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UN agencies step up efforts to aid drought-affected northern Somalia
Tuesday April 12, 2016
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The UN Children's Fund (UNICEF) and the World Food Programme (WFP) are stepping up efforts to help communities in Somaliland and Puntland cope with a severe drought worsened by El Nino conditions, a UN spokesman said here Monday.
"UNICEF said that these communities have lived through four successive poor rainy seasons and their ability to cope with the drought has been stretched to the limit," UN spokesman Stephane Dujarric said at a daily news briefing here.
The two agencies are providing an integrated package of life-saving humanitarian assistance to halt the deteriorating food security and rising malnutrition in the affected areas of Somaliland and Puntland, where 385,000 need immediate assistance, while another 1.3 million are on the brink of slipping into a deeper crisis if rains continue to fall and aid is too slow to come.
The aid package includes food assistance, nutrition programs, and health services, as well as support to help communities access safe water and improve sanitation and hygiene conditions.
"The communities have lived through four successive poor rainy seasons, and their ability to cope with the drought has been stretched to the limit," said the UNICEF representative for Somalia, Steven Lauwerier.
"Our concerted efforts are needed now to save the lives of tens of thousands of children and their families. Any delay from the international community will put their lives further at risk of hunger and disease," he said.
In addition to increased malnutrition cases and enrolment in nutrition programmes in the most affected areas, malnutrition-related deaths have been reported in areas such as Awdal region bordering Ethiopia.
In response, UNICEF is strengthening services at community level, deploying joint mobile health and nutrition teams to reach pastoral and other hard-to-reach groups. Malnourished children will receive an essential package of primary health care interventions, including emergency immunization. UNICEF is also providing 50,000 households with access to safe water via vouchers in the affected areas, and have repaired seven boreholes.
For its part, the WFP has provided food assistance and nutrition support for 147,000 vulnerable people in the areas worst affected by the drought, and the WFP continues to provide food or cash-based assistance to help families make it through the dry season.
"The people of Somalia know all too well the dangers of drought, but a drought does not have to mean a disaster -- the world must recognize that we can save lives if we act in time," said WFP Country Director Laurent Bukera. "It is absolutely critical that we are able to sustain assistance to the people affected by this crisis, so we can stem the damage of undernutrition for mothers and children before it has lifelong consequences."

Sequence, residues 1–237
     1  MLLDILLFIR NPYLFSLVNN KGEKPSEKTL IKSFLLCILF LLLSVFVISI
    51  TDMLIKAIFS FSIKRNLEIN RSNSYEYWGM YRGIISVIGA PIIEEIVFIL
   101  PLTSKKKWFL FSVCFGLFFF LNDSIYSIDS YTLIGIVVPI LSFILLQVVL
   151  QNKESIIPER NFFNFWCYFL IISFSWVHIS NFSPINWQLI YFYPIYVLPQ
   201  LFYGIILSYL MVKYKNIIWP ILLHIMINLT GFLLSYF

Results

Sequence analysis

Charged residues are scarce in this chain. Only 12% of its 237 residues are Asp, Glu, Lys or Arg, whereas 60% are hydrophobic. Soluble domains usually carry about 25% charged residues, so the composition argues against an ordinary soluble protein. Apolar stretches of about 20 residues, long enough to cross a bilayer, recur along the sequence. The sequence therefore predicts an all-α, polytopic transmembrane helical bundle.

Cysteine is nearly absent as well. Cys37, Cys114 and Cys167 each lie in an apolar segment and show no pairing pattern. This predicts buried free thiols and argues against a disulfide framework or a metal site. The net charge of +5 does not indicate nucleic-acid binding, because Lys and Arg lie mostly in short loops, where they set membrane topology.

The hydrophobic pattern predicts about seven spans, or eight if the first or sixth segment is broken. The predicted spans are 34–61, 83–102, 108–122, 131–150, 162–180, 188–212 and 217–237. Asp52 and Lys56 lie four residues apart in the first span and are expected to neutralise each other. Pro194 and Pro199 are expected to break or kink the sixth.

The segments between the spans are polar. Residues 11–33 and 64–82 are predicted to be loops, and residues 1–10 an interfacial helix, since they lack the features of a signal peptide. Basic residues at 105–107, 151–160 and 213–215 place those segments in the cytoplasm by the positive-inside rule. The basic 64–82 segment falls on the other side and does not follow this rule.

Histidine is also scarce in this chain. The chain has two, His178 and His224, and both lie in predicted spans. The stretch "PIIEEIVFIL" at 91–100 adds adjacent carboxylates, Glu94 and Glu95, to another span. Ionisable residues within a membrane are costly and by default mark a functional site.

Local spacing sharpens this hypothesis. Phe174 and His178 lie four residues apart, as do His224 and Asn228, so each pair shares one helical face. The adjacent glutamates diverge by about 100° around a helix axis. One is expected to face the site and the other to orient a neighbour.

Together, the two agencies provide specialized nutrition support to prevent and treat malnutrition in pregnant women, breastfeeding mothers and young children.
Emergency health supplies have also been pre-positioned in regional hospitals, health facilities and with partners to support the response.
In Puntland, UNICEF pre-positioned nutrition supplies, including 500 cartons of BP-5 - a high energy biscuit. In Somaliland, 15,000 cartons of ready-to-use therapeutic food (RUTF) were provided to the Ministry of Health.
With thousands of children at risk of dropping out of school due to the drought, the two agencies are also working together to keep children and teachers in schools, and prevent exposure of children to the risks of family separation, early marriage, child labour and abuse.
This is particularly pertinent as families continue to be forced into migration, in search of food, aid, and pasture for their livestock.
The UN has appealed for 105 million U.S. dollars to provide humanitarian and livelihood assistance to some 1.7 million people, most of them pastoralists and agro-pastoralists who make up three quarters of the population in Somaliland and Puntland.
Somalia is not the only African country affected by El Nino, the warm-water phenomenon, which has dried up rainfall across southern Africa over the last year, killing crops and disrupting hydropower production.
In mid-February, a joint statement by the Food and Agriculture Organization (FAO), WFP and their partners warned that southern Africa is currently in the grip of an intense drought caused by the worst El Nino event in half a century.
The FAO, the WFP and their partners said the drought in southern Africa has expanded and strengthened, claiming the dry spell has been driven by one of the strongest El Nino events of the last 50 years.
Across large swaths of Zimbabwe, Malawi, Zambia, South Africa, Mozambique, Botswana and Madagascar, the current rainfall season has so far been the driest in the last 35 years.
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